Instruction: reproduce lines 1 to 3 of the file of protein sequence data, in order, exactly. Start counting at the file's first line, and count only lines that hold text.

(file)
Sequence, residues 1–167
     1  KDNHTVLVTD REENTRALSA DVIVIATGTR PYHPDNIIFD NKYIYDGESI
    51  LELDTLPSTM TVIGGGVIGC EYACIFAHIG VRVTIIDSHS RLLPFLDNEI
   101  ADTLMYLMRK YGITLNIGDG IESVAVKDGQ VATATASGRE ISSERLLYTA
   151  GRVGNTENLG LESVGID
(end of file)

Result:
Sequence, residues 1–167
     1  KDNHTVLVTD REENTRALSA DVIVIATGTR PYHPDNIIFD NKYIYDGESI
    51  LELDTLPSTM TVIGGGVIGC EYACIFAHIG VRVTIIDSHS RLLPFLDNEI